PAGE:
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Teachers unprepared to deal with mental health issues among students

 

June 1, 2013, Victoria – A survey of teachers in Ontario shows that more than 90% felt their Bachelor of Education degree did not prepare them to deal with mental health issues among their students.

The survey was conducted by Amy Andrews, an academic advisor at the Brantford campus of Nipissing University. The results are being presented at the 2013 Congress of the Humanities and Social Sciences.

Andrews surveyed teachers at three publicly funded school boards in southern Ontario. Seventy-five teachers completed an anonymous, voluntary survey containing 42 questions.

Andrews wanted to find out – among other things – how much knowledge teachers have about mental health, what they perceive their role in mental health education to be, and whether they felt their own education prepared them to deal with mental health issues among their students.

Andrews says almost all the teachers surveyed – 92% – reported that they had had to deal with a mental health issue in the classroom at one point.

But a slightly larger proportion – 93.3% – did not feel their Bachelor of Education degree adequately prepared them for that. To the extent they were able to deal with mental health issues in the classroom, it was not because of their education, but because of the experience they gained over several years in their job.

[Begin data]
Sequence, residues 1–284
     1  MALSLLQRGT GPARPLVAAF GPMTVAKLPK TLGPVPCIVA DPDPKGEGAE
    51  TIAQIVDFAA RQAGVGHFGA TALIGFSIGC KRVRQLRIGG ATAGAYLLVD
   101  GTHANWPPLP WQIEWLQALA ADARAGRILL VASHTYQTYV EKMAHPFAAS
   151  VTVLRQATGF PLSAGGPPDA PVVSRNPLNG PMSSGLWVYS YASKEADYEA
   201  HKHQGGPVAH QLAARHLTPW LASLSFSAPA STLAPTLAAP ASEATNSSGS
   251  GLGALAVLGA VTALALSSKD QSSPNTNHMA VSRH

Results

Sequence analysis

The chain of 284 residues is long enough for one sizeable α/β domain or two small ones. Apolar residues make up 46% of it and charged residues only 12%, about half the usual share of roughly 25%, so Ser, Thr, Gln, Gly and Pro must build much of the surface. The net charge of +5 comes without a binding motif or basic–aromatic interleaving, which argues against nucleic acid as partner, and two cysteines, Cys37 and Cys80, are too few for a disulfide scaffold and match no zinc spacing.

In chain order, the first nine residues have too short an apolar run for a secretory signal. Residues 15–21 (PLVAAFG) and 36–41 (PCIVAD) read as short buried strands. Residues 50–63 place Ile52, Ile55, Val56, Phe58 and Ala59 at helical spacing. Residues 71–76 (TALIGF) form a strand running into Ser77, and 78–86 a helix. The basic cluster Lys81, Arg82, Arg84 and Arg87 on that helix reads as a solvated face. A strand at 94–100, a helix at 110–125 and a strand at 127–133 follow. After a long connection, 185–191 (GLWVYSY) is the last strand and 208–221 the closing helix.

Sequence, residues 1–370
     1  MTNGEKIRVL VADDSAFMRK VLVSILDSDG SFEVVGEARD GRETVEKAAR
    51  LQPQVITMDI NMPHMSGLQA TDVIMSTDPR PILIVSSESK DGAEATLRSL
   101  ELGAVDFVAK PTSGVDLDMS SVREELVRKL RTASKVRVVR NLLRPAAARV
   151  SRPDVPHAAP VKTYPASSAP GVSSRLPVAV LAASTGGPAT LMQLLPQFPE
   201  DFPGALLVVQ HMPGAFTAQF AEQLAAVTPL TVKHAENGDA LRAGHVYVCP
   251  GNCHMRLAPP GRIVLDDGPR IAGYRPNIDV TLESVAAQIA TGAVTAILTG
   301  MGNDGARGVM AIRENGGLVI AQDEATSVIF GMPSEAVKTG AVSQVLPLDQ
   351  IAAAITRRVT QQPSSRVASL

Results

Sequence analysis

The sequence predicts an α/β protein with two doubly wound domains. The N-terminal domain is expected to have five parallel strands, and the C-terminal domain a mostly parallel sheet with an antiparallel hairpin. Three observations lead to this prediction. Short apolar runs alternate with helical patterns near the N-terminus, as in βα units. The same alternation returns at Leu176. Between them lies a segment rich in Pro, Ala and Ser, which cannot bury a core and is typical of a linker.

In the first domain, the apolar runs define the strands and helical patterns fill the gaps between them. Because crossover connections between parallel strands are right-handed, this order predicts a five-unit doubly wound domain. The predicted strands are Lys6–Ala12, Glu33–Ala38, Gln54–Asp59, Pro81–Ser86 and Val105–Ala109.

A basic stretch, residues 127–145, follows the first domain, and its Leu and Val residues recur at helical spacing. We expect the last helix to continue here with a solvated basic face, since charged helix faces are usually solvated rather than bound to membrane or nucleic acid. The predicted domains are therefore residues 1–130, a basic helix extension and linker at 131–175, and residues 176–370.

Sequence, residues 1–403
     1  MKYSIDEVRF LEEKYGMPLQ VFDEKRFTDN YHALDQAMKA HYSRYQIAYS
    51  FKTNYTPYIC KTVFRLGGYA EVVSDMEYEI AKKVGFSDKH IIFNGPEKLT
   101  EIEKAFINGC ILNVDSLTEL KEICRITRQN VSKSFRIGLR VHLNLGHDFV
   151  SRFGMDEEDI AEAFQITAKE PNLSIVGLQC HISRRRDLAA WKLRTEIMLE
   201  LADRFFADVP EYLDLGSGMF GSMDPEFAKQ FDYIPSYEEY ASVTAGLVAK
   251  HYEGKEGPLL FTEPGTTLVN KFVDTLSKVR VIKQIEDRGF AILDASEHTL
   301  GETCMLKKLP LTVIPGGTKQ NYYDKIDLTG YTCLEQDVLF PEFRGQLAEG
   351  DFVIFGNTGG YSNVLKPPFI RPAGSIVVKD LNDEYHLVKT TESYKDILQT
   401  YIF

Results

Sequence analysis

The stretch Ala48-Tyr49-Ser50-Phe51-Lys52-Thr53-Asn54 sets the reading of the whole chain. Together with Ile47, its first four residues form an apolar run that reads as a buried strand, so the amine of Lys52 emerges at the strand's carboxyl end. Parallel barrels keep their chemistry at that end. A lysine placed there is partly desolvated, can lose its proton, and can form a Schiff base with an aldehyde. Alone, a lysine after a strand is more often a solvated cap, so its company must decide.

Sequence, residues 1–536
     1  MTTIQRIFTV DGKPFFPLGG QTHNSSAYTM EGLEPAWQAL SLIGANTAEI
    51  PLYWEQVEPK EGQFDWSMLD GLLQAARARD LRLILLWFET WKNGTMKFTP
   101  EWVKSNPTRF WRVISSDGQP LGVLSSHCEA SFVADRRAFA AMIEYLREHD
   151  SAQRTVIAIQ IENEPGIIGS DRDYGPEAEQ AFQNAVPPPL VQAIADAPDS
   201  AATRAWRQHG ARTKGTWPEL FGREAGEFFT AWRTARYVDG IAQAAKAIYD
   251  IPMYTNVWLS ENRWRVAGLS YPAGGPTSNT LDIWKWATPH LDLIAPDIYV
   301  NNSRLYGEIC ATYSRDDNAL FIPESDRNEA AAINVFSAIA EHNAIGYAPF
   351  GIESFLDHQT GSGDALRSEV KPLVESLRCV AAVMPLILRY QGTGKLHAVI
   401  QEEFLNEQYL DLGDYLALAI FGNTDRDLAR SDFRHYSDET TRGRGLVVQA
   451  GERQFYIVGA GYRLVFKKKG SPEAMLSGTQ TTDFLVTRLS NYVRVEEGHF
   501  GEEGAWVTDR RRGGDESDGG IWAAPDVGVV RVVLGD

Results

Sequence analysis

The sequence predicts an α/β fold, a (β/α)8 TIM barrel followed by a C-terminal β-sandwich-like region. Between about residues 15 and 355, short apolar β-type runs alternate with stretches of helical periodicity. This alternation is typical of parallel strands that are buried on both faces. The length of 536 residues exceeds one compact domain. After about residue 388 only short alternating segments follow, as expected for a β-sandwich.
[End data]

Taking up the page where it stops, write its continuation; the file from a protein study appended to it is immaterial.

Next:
Nearly 91% said they relied on special education teachers, school psychologists, counsellors or parents for help when faced with a student experiencing a mental health issue. And 57.4% said they knew where to go to access mental health resources.

Participants also reported a lack of confidence in their knowledge on the subject of mental health, and identified several barriers to overcoming their knowledge deficit, including lack of readily available resources and increased costs of professional development courses.

According to the Canadian Mental Health Association (CMHA), one out of every five Canadians will experience a mental illness at some point. Children are particularly vulnerable, and suicide among young people is of particular concern. Yet the CMHA says 80% of the children who need mental health services do not receive them.

Mental health is an increasingly visible issue – what Andrews calls a “hot topic in education.”

She says it’s not enough for schools to rely on the teachers’ on-the-job experience to deal with sensitive mental health issues. They need to be more knowledgeable, and more involved.

“Teachers are natural implementers of strategies, so their role is crucial,” says Andrews. “I feel our role as educators is to be able to reach out to every student.”

For more information, story ideas or to schedule an interview, please contact:

Laura Markle
Federation for the Humanities and Social Sciences
613-282-3489
lmarkle@ideas-idees.ca

Mélanie Béchard
Federation for the Humanities and Social Sciences
613-894-7635
mbechard@ideas-idees.ca

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About the Congress of the Humanities and Social Sciences

Organized by the Federation for the Humanities and Social Sciences, Congress is the largest interdisciplinary conference in Canada. Described as a “conference of conferences,” Congress involves nearly 70 academic associations that represent a rich spectrum of disciplines in the humanities and social sciences, including literature, history, theatre, film studies, education, music, sociology, geography, social work and many others.